It has been absolutely gorgeous for a couple of days, so Ranger and I have really honed in on our leash walking skills.
Ranger had a bit of a foundation in left side walking and turn to follow in earlier exercises, which is really handy because he already has some clue that staying close to me and paying attention while on leash will be reinforcing. This week, though, I decided to begin the formal Heel since I need it for the CGC test.
How did we start? Not by walking around in the neighborhood! Instead, we began indoors and I used shaping to teach Ranger to find the Heel position.
I arranged the leash and clicker in the hand position that I use for Heel, then started clicking and treating Ranger for any Sit that was near my side. After each Sit, I released him and took a step or a couple of steps to get him to stand up, then clicked and treated the next Sit he did, progressively rewarding only the ones that were closer to my side each time.
Midway through this session, Ranger was eagerly looking for the next chance to Sit at Heel, and we started to move both forwards and backwards one step at a time. Ranger knew that the Sit at Heel position earned him the reward, so he stayed glued to my side and snapped into the Sit as soon as possible once I had stopped moving.
Training the behavior backwards like this – starting with the end and then teaching the middle and the beginning – will create a very strong behavior chain.
That was the start of the Heel!
Loose Leash Walking
The same day, I also took Ranger out for a walk without any treats at all. Ranger loves walking, and I knew I could use the walk itself as its own reinforcer.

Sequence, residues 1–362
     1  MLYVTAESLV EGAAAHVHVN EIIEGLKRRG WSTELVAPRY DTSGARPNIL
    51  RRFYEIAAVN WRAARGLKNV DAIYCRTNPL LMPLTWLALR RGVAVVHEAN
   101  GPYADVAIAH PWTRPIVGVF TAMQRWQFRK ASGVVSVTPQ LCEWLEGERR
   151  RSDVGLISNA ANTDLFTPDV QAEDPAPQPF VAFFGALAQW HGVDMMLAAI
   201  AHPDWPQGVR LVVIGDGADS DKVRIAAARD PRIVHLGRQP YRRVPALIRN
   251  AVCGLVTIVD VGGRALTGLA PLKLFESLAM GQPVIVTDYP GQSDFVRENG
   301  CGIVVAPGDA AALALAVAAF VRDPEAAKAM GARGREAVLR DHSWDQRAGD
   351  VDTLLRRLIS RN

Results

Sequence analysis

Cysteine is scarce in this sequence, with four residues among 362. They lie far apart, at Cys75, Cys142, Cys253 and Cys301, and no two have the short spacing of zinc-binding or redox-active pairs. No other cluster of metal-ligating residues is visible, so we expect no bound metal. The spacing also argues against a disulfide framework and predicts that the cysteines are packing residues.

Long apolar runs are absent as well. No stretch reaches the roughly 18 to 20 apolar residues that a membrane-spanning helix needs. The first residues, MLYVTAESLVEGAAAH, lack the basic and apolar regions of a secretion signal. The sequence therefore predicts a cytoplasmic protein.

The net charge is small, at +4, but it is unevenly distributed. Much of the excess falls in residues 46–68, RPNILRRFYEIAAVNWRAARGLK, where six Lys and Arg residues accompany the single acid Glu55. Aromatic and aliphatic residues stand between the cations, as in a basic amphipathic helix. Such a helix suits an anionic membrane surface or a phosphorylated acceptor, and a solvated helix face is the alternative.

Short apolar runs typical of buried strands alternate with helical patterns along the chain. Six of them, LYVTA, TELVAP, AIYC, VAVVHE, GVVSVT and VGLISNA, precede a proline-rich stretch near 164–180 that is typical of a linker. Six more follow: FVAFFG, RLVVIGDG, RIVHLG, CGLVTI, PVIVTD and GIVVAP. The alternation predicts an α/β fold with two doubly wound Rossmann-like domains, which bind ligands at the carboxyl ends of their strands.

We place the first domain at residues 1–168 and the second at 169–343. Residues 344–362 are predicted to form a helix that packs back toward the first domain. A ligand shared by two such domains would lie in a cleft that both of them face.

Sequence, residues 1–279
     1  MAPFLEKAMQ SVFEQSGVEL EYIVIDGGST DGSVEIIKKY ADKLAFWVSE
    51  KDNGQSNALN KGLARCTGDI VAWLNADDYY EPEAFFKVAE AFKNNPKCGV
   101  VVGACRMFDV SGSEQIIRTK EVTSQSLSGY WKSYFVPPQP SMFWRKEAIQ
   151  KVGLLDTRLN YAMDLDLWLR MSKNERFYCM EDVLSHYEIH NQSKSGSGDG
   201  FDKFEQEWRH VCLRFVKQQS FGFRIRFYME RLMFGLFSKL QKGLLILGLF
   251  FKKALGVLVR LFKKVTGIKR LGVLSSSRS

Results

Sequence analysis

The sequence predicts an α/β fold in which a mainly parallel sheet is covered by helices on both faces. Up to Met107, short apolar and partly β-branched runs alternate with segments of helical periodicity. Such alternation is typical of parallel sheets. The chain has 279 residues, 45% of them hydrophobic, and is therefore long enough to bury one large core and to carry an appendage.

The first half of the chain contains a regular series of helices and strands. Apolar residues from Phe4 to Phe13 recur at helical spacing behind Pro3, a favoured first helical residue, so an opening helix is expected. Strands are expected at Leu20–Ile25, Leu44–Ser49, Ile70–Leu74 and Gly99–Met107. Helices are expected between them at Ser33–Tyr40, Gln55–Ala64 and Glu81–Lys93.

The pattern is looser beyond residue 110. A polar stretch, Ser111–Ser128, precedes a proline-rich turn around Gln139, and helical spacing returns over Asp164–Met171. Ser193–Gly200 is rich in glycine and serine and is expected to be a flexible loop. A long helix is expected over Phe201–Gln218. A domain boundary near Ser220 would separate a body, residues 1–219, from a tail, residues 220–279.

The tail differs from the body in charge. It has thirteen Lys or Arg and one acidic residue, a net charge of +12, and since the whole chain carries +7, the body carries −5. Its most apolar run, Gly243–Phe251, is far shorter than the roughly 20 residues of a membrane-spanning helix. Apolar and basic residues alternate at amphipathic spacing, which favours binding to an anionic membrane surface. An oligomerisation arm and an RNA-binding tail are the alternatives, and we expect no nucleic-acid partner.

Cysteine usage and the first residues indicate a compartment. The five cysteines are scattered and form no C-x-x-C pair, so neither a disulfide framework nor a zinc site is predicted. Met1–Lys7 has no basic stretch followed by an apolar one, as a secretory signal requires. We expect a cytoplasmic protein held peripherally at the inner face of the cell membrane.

That day, I instituted the new rule for the leash – any time the leash is on, fun things only happen when it is loose. This means that the snap is hanging straight down.
We started moving forward, and Ranger dashed to the end to sniff. Nope! I backed up away from his sniff spot until he gave me eye contact and moved in to the leash pressure, then let him have another chance. Tight leash! We backed up further, using a little leash maneuvering to make sure he did not just get to play and sniff during his penalty walk of shame.
Ranger moved forward and this time controlled himself, earning his right to go sniff.
I don’t always do penalty yards – sometimes as soon as he hits the end of the leash, I stop, Ranger will back off and give me eye contact, and we keep going. But the same general concept will apply permanently; from now on, any forward progress, greetings, sniffings, or exploration will need to be done with a loose leash, or they simply won’t happen.
Putting it Together
You can see the progress in the following video. Sorry about the quality – we’ll try to use a better device next time!
In this video, I am starting to teach Ranger how to differentiate between the formal “Heel” and “Let’s Go!” I like to have both choices available so that I can either have a controlled, precise walk around other people or dogs, in an urban environment, or in tight spaces, or I can just let Ranger walk around and be a dog without actually dragging me.
You can see during the first bit that Ranger is offering a very lovely close little snappy Heel, while going into a more relaxed loose leash walk when I switch leash hands and cues.
My hand position as well as the cue “Heel” vs. “Let’s Go” will eventually tell Ranger which behavior we are doing, but he is not quite sure yet, so he falls back into a Heel after our second turn-around. That’s fine; we will continue to practice and teach him exactly when each behavior is expected.
I’m very proud of Ranger and his continued progress, and I’ll update again soon about our trip to PetSmart and the park… so exciting!